Decided on August 30,1965

Mukteshwari Prasad And Another Appellant
Ram Wali And Others Respondents

Referred Judgements :-



B. Dayal, J. - (1.)The following question has been referred to this Bench b a learned single Judge of this Court:
Can the civil court take cognizant of a suit for possession of agricultures land and for demolition of unauthorized construction standing thereon, or of suit merely for demolition of u(sic) authorized construction made on a agricultural land?

(2.)The circumstances under which the question arose may shortly be state as follows: The Plaintiff filed a suit the civil court claiming that the la(sic) was part of the Plaintiff's grove. Before the abolition of zamindari this was his zamindari grove After the abolition of zamindari he became the bhumidhar of the land. Upon a part of this land which was in dispute, the Defendant made unauthorized constructions and thus dispossessed the Plaintiff from that portion over which the construction had been mad. Upon these allegations, the Plaintiff filed the suit and prayed that after demolition of the construction the Plaintiff may be given possession over the land over which construction had been made. The learned single Judge before whom the revision came up for hearing, was of the opinion that. Under Sec. 209 of the UPZA and LR Act, a suit for possession against a trespasser would lie in the revenue court in 1963, when the present suit was filed. In view of the provisions of Sec. 331 of the UPZA and LR Act, he was further of the opinion that since the relief of possession could be granted by the revenue court, this case was cognizable by the revenue court as the cause of action for relief of delivery of possession and for removal of unauthorized construction was the same The learned Judge, however, felt difficulty on account of the observations in the case of Angnu v/s. Mahabir and Anr. (1)( : 1954 AWR 513: AIR 1954 All. 768). "hat was a case under the U.P. Tenancy Act and the suit being against a person who had made unauthorized construe on over the land, it was conceded by the learned Counsel for both the sides lat the suit could not lie in the revenue court. This concession of the learned Counsel was fully justified because under the U.P. Tenancy Act a suit against a trespasser could only lie in the revenue court Under Sec. 180 of the U.P. Tenancy Act. Full Bench of this Court in D.N. Rage Kazi Mohd. Haider (2) (1946 AWR (3) held that Sec. 180 of the U.P. Tenancy Act could apply against a trespasser (sic)0 was claiming to be a tenant of the (sic)d for agricultural purposes. Since (sic)e trespasser in that case had made instructions over the land, obviously could not be claiming as a tenant the land for agricultural purposes, inequity it was held in that Division Bench case of Angnu v/s. Mahabir and Anr. (1) (supra) that the suit did (the) lie in the revenue Court and was nizable by a Civil Court. That case is, therefore, entirely distinguishable and does not affect the decision in the present case which is under the UPZA and LR Act. Here Under Sec. 209 of the Act, a suit can be filed in the revenue court against any trespasser whatever be his claim on the land and the considerations, therefore, arising in this case are very different. Learned Counsel appearing for the applicant referred to us some other cases of this Court also which were also under the U.P. Tenancy Act and in view of the difference between the two Acts mentioned above, we consider it unnecessary to consider those cases and in detail.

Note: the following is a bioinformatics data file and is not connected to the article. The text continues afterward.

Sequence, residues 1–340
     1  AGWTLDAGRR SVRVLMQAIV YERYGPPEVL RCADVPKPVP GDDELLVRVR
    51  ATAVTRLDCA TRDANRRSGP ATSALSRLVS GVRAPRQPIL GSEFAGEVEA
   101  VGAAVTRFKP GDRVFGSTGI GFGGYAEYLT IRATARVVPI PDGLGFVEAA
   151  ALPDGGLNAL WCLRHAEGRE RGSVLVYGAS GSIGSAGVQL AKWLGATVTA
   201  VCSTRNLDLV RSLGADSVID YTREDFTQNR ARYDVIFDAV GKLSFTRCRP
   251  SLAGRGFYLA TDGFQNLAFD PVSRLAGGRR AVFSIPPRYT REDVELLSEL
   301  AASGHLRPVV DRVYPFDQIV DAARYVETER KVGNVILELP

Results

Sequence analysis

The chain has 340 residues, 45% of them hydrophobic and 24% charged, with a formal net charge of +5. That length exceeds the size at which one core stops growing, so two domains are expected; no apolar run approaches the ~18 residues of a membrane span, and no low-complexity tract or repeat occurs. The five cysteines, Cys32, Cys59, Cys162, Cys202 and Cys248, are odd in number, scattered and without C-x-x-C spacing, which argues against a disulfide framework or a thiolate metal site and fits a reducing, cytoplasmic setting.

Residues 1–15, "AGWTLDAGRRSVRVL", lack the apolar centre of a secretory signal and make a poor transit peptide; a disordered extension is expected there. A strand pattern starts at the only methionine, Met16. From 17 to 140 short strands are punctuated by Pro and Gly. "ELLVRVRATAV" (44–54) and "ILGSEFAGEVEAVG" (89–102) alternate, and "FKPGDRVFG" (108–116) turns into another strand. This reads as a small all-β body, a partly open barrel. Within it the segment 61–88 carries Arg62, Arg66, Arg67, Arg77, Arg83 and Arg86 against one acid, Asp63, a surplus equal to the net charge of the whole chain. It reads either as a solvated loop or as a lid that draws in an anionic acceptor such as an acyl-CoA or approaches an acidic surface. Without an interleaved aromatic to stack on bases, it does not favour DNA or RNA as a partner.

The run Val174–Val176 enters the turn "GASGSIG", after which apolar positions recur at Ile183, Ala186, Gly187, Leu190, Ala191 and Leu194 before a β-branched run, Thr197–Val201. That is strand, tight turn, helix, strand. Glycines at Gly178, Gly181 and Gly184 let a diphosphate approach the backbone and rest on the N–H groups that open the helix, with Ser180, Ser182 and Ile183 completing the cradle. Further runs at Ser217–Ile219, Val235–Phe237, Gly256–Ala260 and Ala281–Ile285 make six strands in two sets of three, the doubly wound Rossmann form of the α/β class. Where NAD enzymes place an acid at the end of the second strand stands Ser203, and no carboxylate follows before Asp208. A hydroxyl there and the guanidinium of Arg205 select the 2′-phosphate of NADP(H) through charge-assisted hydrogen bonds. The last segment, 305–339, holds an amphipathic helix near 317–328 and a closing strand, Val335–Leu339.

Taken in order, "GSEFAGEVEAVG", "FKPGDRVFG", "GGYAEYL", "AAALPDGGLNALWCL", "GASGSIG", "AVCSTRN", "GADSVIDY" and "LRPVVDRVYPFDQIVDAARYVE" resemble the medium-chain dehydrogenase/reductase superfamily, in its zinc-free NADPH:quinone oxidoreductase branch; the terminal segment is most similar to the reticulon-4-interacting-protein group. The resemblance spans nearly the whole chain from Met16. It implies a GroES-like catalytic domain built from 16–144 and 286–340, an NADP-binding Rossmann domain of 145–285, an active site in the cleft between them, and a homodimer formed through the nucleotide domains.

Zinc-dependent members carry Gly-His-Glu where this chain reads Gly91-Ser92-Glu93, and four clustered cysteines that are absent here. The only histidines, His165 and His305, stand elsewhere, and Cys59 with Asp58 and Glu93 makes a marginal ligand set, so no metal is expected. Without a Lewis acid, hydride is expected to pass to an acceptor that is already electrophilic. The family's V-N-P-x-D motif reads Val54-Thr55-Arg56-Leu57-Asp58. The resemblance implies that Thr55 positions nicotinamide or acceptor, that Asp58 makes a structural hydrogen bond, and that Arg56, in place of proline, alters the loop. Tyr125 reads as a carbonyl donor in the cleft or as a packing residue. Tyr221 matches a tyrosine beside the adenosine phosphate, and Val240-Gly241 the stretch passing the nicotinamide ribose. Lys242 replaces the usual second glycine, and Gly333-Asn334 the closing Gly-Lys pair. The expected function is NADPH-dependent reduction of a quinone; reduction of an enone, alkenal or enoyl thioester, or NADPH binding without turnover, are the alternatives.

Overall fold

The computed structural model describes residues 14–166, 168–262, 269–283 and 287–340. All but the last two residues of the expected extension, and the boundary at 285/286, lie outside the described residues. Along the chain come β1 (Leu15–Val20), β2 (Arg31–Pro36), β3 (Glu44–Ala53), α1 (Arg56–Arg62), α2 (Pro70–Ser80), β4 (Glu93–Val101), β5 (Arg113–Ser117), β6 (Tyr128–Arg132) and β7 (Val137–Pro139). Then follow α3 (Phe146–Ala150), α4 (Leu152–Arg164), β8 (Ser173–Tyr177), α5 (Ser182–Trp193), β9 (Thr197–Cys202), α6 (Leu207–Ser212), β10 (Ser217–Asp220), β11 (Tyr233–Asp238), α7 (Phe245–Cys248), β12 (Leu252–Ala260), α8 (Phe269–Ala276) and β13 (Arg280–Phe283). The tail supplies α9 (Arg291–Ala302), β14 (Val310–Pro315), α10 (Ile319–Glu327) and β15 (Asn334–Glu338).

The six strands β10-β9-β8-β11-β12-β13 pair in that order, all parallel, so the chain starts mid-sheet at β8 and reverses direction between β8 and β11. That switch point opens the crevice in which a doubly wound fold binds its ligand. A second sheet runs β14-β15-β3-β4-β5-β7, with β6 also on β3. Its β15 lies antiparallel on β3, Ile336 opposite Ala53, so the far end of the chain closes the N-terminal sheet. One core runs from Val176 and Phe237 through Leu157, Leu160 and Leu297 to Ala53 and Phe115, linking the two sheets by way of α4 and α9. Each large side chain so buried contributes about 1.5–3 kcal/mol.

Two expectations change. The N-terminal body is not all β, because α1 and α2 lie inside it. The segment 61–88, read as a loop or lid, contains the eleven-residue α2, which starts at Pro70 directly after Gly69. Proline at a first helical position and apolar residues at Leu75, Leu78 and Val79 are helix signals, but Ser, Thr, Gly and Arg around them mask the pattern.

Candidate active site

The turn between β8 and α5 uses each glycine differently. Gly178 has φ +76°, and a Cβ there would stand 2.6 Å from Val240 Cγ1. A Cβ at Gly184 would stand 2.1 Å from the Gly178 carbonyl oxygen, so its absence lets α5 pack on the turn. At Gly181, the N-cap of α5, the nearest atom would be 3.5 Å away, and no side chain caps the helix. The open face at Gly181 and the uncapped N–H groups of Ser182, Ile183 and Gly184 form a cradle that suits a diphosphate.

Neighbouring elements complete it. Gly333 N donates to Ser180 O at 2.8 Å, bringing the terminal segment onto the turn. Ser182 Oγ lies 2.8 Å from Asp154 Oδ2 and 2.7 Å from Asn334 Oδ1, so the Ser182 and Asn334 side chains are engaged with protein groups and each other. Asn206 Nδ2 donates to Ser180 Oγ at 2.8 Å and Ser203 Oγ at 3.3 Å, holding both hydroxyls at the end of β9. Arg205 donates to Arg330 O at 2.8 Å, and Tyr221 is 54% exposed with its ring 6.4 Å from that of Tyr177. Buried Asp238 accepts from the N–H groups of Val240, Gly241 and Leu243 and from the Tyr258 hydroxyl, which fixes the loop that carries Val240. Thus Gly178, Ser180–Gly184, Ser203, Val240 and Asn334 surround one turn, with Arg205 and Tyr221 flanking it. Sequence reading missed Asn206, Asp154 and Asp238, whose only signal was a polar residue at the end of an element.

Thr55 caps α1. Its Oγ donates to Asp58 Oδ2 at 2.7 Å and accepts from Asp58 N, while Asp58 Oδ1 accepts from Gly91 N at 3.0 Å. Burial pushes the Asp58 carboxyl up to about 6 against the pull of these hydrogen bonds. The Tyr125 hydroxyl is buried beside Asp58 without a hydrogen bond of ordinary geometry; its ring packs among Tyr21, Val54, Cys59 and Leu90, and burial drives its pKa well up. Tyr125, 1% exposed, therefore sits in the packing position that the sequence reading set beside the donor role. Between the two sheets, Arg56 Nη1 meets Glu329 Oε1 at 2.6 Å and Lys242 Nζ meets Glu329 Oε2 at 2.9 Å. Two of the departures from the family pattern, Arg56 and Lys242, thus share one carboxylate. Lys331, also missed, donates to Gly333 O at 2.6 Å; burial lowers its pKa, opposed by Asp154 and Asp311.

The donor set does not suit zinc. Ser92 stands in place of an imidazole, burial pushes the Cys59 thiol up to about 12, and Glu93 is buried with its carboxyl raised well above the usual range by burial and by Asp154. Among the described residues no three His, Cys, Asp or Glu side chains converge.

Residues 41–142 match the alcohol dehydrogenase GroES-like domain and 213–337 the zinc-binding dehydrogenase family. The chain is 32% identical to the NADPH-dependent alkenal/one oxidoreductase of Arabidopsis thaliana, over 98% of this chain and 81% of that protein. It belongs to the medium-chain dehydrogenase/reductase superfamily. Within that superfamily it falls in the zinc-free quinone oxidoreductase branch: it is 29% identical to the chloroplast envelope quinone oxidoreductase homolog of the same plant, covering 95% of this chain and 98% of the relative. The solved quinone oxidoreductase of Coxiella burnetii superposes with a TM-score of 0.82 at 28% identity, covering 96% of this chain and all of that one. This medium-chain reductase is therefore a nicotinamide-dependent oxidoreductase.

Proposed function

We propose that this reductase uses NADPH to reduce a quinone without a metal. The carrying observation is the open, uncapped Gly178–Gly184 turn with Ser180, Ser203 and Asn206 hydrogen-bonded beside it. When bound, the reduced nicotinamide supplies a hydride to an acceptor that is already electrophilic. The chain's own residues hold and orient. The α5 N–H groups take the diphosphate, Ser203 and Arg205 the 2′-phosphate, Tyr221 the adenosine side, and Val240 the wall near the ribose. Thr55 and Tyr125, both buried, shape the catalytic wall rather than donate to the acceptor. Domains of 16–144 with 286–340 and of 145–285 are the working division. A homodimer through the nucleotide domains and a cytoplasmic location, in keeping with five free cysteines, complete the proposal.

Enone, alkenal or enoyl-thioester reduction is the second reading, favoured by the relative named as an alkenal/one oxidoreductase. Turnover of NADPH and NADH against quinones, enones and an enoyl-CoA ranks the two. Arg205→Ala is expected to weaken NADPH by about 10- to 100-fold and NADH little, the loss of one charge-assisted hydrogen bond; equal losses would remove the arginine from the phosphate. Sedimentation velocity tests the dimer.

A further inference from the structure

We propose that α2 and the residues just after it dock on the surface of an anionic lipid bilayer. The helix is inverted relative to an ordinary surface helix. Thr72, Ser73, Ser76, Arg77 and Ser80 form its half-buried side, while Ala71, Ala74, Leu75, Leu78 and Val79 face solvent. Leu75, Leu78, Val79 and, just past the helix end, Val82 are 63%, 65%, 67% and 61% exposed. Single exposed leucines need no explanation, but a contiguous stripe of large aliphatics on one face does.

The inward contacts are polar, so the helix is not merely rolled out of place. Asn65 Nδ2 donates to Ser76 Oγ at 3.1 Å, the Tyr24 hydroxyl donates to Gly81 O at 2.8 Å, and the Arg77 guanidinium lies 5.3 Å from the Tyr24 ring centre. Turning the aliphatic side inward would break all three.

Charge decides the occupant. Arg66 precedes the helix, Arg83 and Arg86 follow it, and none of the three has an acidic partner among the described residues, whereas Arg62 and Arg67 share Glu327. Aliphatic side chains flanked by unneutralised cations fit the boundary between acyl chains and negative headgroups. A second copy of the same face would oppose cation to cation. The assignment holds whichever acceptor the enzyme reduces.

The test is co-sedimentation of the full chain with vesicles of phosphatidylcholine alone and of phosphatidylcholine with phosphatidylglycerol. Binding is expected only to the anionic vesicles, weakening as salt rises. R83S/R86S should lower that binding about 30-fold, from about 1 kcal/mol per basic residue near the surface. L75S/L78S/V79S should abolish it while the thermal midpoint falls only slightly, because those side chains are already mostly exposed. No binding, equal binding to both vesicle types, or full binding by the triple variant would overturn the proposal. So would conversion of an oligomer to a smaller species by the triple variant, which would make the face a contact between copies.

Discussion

(3.)In the present case, since the relief claimed by the Plaintiff is for possession over the land, this relief is obviously covered by Sec. 209 of the UPZA and LR Act, a suit for that purpose lies in the revenue Court. The Explanation added to Sec. 331 of the UPZA and LR Act makes it quite clear by providing, "if the cause of action is one in respect of which relief may be granted by the revenue court it is immaterial that the relief asked for from the civil court may not be identical to that which the revenue court would have granted." Since the relief for possession can be granted by the revenue court, it is immaterial that in the civil court a further relief for demolition of the construction could also be added to the main relief. The real reason why the Plaintiff had to come to court is that he had been dispossessed, from the land and as long as the revenue court can give him relief and restore him to possession, it cannot be. denied that the revenue court can give him relief upon that cause of action and as such the suit clearly lies in the revenue court.

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